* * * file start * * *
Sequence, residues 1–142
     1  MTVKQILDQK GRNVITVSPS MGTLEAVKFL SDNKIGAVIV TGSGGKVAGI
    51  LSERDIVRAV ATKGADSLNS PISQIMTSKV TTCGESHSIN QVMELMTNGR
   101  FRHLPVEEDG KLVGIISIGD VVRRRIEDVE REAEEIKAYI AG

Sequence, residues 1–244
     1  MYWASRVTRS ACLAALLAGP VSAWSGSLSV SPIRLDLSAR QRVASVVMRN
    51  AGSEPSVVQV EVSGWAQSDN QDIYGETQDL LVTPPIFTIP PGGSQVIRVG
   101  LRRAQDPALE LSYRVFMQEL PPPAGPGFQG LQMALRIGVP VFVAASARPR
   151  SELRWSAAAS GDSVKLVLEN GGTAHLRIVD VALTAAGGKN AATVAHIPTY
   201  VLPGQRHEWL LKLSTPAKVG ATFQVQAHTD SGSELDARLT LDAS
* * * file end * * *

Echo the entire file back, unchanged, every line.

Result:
Sequence, residues 1–142
     1  MTVKQILDQK GRNVITVSPS MGTLEAVKFL SDNKIGAVIV TGSGGKVAGI
    51  LSERDIVRAV ATKGADSLNS PISQIMTSKV TTCGESHSIN QVMELMTNGR
   101  FRHLPVEEDG KLVGIISIGD VVRRRIEDVE REAEEIKAYI AG

Sequence, residues 1–244
     1  MYWASRVTRS ACLAALLAGP VSAWSGSLSV SPIRLDLSAR QRVASVVMRN
    51  AGSEPSVVQV EVSGWAQSDN QDIYGETQDL LVTPPIFTIP PGGSQVIRVG
   101  LRRAQDPALE LSYRVFMQEL PPPAGPGFQG LQMALRIGVP VFVAASARPR
   151  SELRWSAAAS GDSVKLVLEN GGTAHLRIVD VALTAAGGKN AATVAHIPTY
   201  VLPGQRHEWL LKLSTPAKVG ATFQVQAHTD SGSELDARLT LDAS